But where our fire pit was placed, we could only show an expanse of grassy lawn (which wasn’t very interesting) or the natural wild knoll on the other side (which read more as “forest” than “backyard”).
We also didn’t have the time or resources to add our own plantings, so we decided to shoot the cover at our friends’ house, where we’d spent many an evening downing delicious food and libations with them.
They had the perfect setup and even the perfect props: an unassuming ranch-style home, a natively landscaped yard with beautiful lavender and desert brush, wooden Adirondack chairs, and even a vintage cooler and wheelbarrow.
The fire pit was fabricated from an old piece of HVAC ductwork, which gave it a simple, clean silhouette at dusk. (And by fabricated, I mean they really just cut off a section of the duct and burned off the interior before plopping it right in their yard. Nothing fancy at all.)
The only thing missing to create the warm, welcoming scene we’d pictured was a string of outdoor lights.
I turned to Brightech, a company that specializes in interior and exterior lighting, as they had reached out in the past about collaborating. I finally felt that I had the right project coming together to showcase their product, and they sent a few different styles of their weatherproof string lights to try in our friends’ yard.
What I really liked about Brightech’s lights, in contrast to other outdoor lights I’d purchased in the past, was how heavy-duty they are… not to mention heavy! While the weight might sound like a drawback, it was reassuring to me that they could withstand the elements and not get blown around like flimsier lights.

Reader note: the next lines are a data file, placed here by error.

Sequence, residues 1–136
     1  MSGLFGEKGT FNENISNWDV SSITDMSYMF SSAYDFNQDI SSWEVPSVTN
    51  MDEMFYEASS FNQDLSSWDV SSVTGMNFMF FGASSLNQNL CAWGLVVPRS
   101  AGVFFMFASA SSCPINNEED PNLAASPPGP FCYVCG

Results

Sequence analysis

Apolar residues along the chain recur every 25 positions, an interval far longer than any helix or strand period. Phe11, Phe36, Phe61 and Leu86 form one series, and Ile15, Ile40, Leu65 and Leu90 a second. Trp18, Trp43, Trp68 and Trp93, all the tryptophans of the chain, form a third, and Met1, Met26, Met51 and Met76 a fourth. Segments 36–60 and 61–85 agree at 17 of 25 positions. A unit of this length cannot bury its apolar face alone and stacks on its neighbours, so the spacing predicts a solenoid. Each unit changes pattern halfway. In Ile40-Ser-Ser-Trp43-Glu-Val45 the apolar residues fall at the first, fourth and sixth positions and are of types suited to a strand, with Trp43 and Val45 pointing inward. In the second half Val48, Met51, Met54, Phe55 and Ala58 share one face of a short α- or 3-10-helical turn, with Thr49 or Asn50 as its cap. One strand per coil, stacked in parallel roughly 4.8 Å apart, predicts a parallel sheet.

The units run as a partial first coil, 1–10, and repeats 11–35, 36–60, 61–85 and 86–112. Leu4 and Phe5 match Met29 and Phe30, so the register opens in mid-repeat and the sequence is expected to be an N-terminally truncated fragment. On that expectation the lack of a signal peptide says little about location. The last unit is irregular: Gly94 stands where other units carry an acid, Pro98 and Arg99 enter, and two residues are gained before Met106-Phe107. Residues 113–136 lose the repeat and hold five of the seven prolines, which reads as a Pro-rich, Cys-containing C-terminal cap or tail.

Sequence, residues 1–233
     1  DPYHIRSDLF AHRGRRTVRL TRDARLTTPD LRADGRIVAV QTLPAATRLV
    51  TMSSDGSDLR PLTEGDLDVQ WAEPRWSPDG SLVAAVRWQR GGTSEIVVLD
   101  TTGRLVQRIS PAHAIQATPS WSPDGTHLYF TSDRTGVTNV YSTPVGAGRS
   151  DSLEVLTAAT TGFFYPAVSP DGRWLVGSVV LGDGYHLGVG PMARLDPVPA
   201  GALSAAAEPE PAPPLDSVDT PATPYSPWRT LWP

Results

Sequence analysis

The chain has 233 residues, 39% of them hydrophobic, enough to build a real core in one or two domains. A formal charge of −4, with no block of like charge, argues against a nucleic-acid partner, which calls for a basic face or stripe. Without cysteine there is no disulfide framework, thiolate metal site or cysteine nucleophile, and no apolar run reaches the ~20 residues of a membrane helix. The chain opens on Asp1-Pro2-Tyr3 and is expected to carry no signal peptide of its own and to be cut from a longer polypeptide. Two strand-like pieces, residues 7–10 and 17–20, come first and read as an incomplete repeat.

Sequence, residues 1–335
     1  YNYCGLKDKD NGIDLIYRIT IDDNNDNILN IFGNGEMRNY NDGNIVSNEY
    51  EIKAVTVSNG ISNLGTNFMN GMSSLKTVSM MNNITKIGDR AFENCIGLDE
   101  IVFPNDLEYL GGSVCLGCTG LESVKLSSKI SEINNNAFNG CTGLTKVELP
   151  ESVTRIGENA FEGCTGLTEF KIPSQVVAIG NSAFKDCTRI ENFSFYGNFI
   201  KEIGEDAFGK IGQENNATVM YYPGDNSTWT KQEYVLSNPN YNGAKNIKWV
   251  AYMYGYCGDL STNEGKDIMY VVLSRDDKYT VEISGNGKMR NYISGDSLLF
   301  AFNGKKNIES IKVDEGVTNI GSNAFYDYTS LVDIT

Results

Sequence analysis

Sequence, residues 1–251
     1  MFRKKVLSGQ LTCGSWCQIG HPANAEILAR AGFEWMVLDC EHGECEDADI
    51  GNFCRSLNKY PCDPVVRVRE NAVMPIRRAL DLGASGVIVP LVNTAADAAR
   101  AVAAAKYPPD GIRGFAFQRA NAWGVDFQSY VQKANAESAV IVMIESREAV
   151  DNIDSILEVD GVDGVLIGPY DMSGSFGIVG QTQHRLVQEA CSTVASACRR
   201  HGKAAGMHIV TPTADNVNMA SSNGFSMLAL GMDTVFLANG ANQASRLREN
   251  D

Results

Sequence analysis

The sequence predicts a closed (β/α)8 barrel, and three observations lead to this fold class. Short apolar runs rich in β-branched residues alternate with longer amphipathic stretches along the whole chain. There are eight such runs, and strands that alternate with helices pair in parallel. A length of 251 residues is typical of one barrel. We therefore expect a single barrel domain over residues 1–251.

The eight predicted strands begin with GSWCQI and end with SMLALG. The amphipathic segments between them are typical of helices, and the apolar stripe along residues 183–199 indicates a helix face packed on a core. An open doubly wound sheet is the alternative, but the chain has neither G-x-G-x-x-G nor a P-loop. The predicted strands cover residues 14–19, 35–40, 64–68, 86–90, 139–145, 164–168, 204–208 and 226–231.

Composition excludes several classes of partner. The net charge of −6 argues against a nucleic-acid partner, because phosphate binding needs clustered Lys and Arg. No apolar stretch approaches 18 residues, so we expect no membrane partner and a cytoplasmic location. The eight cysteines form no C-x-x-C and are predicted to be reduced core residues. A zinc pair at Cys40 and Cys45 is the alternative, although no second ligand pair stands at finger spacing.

The cords are commercial grade, and the bulbs come as LED or incandescent lights in various shapes: an old-school Edison-style lightbulb, a classic round bistro style, and a traditional teardrop shape.
We ultimately chose the Ambience Pro Edison lights, as we loved their vintage look. The only challenge with using them was figuring out how to (temporarily) hang them across a yard without any tall supports like trees or fences.
Will ended up rigging one of his light stands to its maximum height, secured the strand of lights with a clamp, and pulled the lights over our carefully styled scene to the roof of our friends’ house. We screwed in each bulb once we had the strand at just the right height and drape, plugged it in, and voilà — an instant cozy patio.
Fun fact: This was all done in the front yard, not the backyard.
I don’t know about you, but I love knowing these little tricks behind professional photo shoots!
We shot this one and only scene for the cover, both with and without corn on the grill.
Here’s the image that won everyone over!
The Backyard Fire Cookbook: Get Outside and Master Ember Roasting, Charcoal Grilling, Cast-Iron Cooking, and Live-Fire Feasting will officially release on May 7, 2019, and it’s available for preorder right now!
By preordering now, you’re reserving a copy in the first run and will be one of the first people to receive a book (oftentimes before the official release date). Might this make a nice holiday gift for someone you know?
Thank you for your support! I can’t wait till this book gets in your hands.